Mystery is part of life and part of faith. Not mystery as riddle or puzzle, which suggests someone holding us in ignorance for a while or playing games with us. The other meaning of mystery is realities that are so large, so complex and so high that our limited minds cannot comprehend them. Mystery as ineffability—truths too great to be described in words. (This is one of the ironies of writing—we try to make pathways with words, all the while knowing that if we’re doing it right, we’ll keep coming to that cloudy cliff edge beyond which words cannot go.)
In some kind of school yearbook, my daughter Eva who died three years ago had responded to the question, “What do you see God in?” Her written answer: “Mystery. My favorite Psalm, ‘What is man that you are mindful of him?’ That’s what I see in God, this mysterious mercy for me.”
When we got to the nine-month mark after Eva died, it struck me that this is the length of time we as parents wait as the hidden mystery of development in the womb unfolds before the spectacular moment of birth. But now we were marking nine months of silence and separation. Ingrid and I were married about a decade before Eva was conceived. That made the pregnancy and her arrival a euphoric time in our lives. On the day of her birth I had so much adrenaline and excitement I couldn’t think straight. I inadvertently drove way over the speed limit wherever I went, especially on visits to the hospital. The small, pink, pudgy little creature who had come into this gray world inspired in me more awe than I had ever experienced in life. How could I not be crazy in the head?
There is birth and there is rebirth and there is final birth into the arms of God. All of it a mystery. I don’t mind not understanding how a human being can be formed in the womb by the knitting of God, and I don’t mind not comprehending eternity. Eva always told me she kind of freaked out when thinking about eternity, and I affirmed her honesty. It showed how smart she really was. It is the wisest people whose breath is taken away by the great mysteries of God. It’s okay to feel intimidated by mystery at the same time that it rouses you.
Lately, I’ve been thinking about something I frequently hear from people who have lost their kid. They say, “It is like a part of you dies.” I’m finding that is true. But I used to think that referred to the searing pain of this kind of loss or of missing that kid you used to talk to, eat supper with, discuss the issues of life with. But it is harder than that. It is not just that you feel like a part of you dies.
A part of you has died.
For almost thirty years there had been two human beings on planet earth who were carrying forward the DNA Ingrid and I imparted. Only two. For all the thousands of people I’ve had the privilege of influencing through speaking or pastoring or writing, there really were only two human beings who would carry on our name, our history, our intimate family values. There were two people toward whom I felt a commitment surpassing almost all other commitments, with joy.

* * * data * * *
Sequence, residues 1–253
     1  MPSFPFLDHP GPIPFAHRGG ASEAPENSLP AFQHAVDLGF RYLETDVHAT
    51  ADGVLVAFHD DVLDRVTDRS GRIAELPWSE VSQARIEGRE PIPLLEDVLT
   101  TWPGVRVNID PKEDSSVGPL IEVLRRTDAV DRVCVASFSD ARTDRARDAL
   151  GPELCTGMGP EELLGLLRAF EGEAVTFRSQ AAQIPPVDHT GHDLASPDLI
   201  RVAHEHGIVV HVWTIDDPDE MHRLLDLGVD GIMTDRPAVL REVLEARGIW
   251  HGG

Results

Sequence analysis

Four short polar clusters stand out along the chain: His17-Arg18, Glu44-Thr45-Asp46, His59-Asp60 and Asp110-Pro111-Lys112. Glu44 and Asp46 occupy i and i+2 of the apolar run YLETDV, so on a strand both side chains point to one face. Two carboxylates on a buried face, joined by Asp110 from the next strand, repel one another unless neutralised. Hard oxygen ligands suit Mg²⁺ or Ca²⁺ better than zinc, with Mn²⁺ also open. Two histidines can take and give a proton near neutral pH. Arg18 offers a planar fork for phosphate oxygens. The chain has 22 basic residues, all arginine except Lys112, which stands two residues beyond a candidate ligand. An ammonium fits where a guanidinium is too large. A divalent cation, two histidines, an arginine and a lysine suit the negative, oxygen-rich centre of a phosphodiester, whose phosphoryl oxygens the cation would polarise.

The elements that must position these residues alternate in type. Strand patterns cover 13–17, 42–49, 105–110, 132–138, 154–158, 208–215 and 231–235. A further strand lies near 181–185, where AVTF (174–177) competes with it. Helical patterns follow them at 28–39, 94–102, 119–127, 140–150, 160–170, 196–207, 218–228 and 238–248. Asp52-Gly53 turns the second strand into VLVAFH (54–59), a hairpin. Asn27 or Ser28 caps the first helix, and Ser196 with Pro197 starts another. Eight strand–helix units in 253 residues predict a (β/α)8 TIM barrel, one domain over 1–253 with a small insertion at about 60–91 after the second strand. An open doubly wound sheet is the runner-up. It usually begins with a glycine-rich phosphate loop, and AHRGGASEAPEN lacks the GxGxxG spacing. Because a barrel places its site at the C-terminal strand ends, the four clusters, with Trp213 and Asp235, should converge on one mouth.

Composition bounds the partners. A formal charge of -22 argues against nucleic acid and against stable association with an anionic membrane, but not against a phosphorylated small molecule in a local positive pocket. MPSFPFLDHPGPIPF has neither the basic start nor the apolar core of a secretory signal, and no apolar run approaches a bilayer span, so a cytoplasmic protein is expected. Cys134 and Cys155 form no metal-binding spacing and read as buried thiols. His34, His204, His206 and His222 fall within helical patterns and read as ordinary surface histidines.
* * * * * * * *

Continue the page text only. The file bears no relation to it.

And then one was gone.
So the question becomes, what do we do with that kind of existential loss? Can we really heal from our life being severed in that way? Does life suddenly become half as valuable or purposeful? I admit that I could easily feel that way. We feel tempted to shift into neutral and coast to the end of our own life. When a younger loved one does their dying, we suddenly feel like our own dying has been shoved higher on our life’s agenda. The feeling isn’t really morbid. There is a simple logic to it. Our kid went first, and now we realize how dying is part of the inexorable agenda of living.
But it is not right that dying should suppress living. I know that if Eva were here, it would disappoint her to know that we became apathetic or despondent about life. I know it is possible to bear the deep wound of her loss but keep on walking. When someone loses a member of their immediate family, they have lost someone extremely important, but they have not lost everyone.
All of us need to realize that—married or single, with kids, without kids. Adopted, foster, biological. They say blood is thicker than water. But we all need more moms than our biological mom, more dads than our biological dad, more brothers, more sisters, more friends. Both are true: we must be solidly committed to our families, but our commitments must extend far beyond our families. When our biological family shrinks, it makes us wonder if we have a wider family.
If we can accept mystery, we can find comfort that is larger than our rational assurances. When we face great loss, we need that. We need to give up the need to fully understand. We need the liberty that comes from accepting mystery. If the only way we feel safe is with what we can comprehend, then we will never feel as safe as we might. Mystery moors us to realities that exceed our comprehension. Looking to and respecting the mystery of God is not like standing on a cloud but on bedrock.
How a nineteen-year-old could get that is beyond me. Perhaps a supernatural gift, years before hard times set in.
The book of Job in the Old Testament is hard to read. The story of a man for whom the worst is worse than for anyone I have known, including the loss of all his children, his health, his reputation. The story confronts us with all the great questions of suffering and loss. We read along in the book, looking for the answers to those questions. We chafe at the insulting answers Job’s friends offer him. God enters the story at the end and offers to Job not answers but himself.
Is that adequate? Well, we can think of it this way: When we face great loss, the worst of the worse, will answers to our questions make us feel better? They will not. Answers will not fill the void. They do not replace the person. The hole in our life is still there. So God gives Job, and us, not an answer to pain but himself.
Job clung to God. And he survived. We can, too.